Test your phishing detective skills

Security software vendor McAfee has created a ten-question quiz to see how well you can spot a phony website. If you’ve been reading my tips here, I expect you to do very well. Let’s find out.

The quiz has some excellent examples of common phishing scams, and it’s a very good primer on how the bad guys operate.

Both Internet Explorer 7 and Firefox 2 have built-in phishing filters. These provide an additional level of protection by checking any site you visit against a list of known malicious web pages.

Depending on which browser you use, make sure the phishing filter is enabled:

Internet Explorer 7: IE 7 asks you during installation if you would like to enable the phishing filter. To double-check, click the Tools menu, then Internet Options, and then the Security tab. With the Internet zone selected, click the “Custom Level” button and scroll down through the settings until you find “Use Phishing Filter.” Make sure it’s set to “Enable.”

Firefox 2: Click the Tools menu, then Options. Click once on “Security” on the top menu bar to highlight it. Then make sure the “Tell me if the site I’m visiting is a suspected forgery” option is checked. Under that, select “Check using a downloaded list of suspected sites.”

Phishing filters are, of course, not a substitute for paying attention, but they can certainly help. Use them to back up your newly-heightened awareness after taking the quiz.

Oh, in case you’re wondering, I got a perfect score on the quiz. Why else would you take my advice?

UPDATE 9/16/07: McAfee has taken down the phishing quiz site referenced above. However, Internet security vendor SonicWALL has an even tougher quiz on their site. Here’s a link.

PC industry “disappointed” with Vista

PC World reports that PC manufacturer Acer has acknowledged widespread industry disappointment with Microsoft’s new Vista operating system.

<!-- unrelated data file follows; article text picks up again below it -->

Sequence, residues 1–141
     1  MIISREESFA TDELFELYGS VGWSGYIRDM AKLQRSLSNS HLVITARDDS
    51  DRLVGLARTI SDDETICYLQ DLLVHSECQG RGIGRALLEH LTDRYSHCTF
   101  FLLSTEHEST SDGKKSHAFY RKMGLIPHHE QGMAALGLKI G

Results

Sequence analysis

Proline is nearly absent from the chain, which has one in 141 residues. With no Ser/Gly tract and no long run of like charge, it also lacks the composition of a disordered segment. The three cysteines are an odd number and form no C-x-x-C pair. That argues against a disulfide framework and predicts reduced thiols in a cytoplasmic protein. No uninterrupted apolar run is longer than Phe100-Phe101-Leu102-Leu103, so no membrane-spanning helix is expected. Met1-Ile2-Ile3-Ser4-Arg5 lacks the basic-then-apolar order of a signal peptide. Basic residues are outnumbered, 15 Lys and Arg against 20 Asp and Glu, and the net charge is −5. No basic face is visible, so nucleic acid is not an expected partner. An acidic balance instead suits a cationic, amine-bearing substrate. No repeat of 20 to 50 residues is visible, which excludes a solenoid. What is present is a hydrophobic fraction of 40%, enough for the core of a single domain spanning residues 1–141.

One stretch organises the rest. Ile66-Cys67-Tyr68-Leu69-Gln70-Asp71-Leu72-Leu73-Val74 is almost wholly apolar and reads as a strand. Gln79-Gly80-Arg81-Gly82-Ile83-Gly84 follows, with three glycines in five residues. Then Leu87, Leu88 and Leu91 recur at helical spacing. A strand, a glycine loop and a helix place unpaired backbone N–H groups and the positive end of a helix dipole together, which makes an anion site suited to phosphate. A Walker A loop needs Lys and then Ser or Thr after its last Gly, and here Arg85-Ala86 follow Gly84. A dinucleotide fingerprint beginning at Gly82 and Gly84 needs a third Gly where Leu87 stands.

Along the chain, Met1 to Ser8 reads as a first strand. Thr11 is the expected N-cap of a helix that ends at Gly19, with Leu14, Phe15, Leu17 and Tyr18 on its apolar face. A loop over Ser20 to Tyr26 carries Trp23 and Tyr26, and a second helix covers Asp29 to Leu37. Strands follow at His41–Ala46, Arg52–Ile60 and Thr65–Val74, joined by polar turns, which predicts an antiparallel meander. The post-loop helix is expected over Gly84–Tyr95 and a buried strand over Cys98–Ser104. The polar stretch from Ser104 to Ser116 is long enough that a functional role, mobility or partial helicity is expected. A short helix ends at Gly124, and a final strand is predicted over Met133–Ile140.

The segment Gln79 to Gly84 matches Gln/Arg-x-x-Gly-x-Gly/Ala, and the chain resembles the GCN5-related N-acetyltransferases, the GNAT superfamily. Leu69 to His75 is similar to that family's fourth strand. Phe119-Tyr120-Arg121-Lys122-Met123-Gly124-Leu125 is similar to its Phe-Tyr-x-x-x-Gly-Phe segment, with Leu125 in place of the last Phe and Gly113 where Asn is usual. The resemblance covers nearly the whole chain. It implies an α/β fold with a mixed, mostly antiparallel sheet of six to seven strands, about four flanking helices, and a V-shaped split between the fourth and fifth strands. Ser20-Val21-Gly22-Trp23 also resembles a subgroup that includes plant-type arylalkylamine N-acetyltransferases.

Gianfranco Lanci, president of the fourth largest PC manufacturer worldwide, points out that Vista has serious stability and compatibility issues, and that customers are still demanding Windows XP on new hardware, particularly business customers.

The article also notes that despite Microsoft’s claims of strong Vista sales, Windows XP sales are predicted to be 50 percent higher this year than Microsoft’s original estimates, potentially totaling 22 percent to Vista’s 78 percent.

In other words, Vista has taken off more slowly than any new Microsoft OS release since Windows achieved desktop dominance in the early 1990’s. Furthermore, Vista is not driving new PC sales as hoped. People are settling for Vista because it’s all they can find.

The release of the first service pack for Vista has still not been announced. Service Pack 1 for Windows XP was a significant milestone, making the product ready for widespread deployment. Given the major hurdles Vista still must overcome in terms of hardware and software compatibility, Vista SP1 will be expected to work miracles. It had better.

The bad guys are getting smarter

Continuing on the theme of “More Ways Your Poor Computer Is Under Attack,” we look today at the phenomenon of phishing, a scheme which gets hold of your personal information in a very simple way – by tricking you into willingly providing it.

You already know that you should avoid following web links in e-mail messages. A spoofed message claiming to be from PayPal, for example, can direct you to a fake website that looks just like PayPal, which then captures the password and credit card information you type in. Fraudulent purchases, or even identity theft, are likely to follow.

Fortunately for us, most of the hackers behind these tricks know their way around a computer, but not a dictionary. Lousy spelling and grammar are a good tip-off that you’re on a bogus site.

That’s why I was surprised to learn of a new Trojan horse called Kardphisher, which mimics the activation procedure for Windows XP. If the Trojan gets on to your computer, it waits until you reboot and then informs you that you have to “re-activate” your copy of Windows.


On the next screen, Kardphisher gets down to business.

For the record, Microsoft does not request credit card numbers during activation, and it certainly wouldn’t ask for your ATM PIN.

Nonetheless, Kardphisher is a well-designed hack. I saw no grammar or spelling errors; just a clumsy use of punctuation.

The Trojan is not widespread, and Symantec rates it a very low risk. Any updated anti-virus program will be able to deal with it, so odds are you will never see this on your computer.

However, it’s worth knowing about, because anti-virus programs and firewalls are no substitute for vigilance. We all need to pay close attention to what we are doing on the computer, because the bad guys have learned how to spell.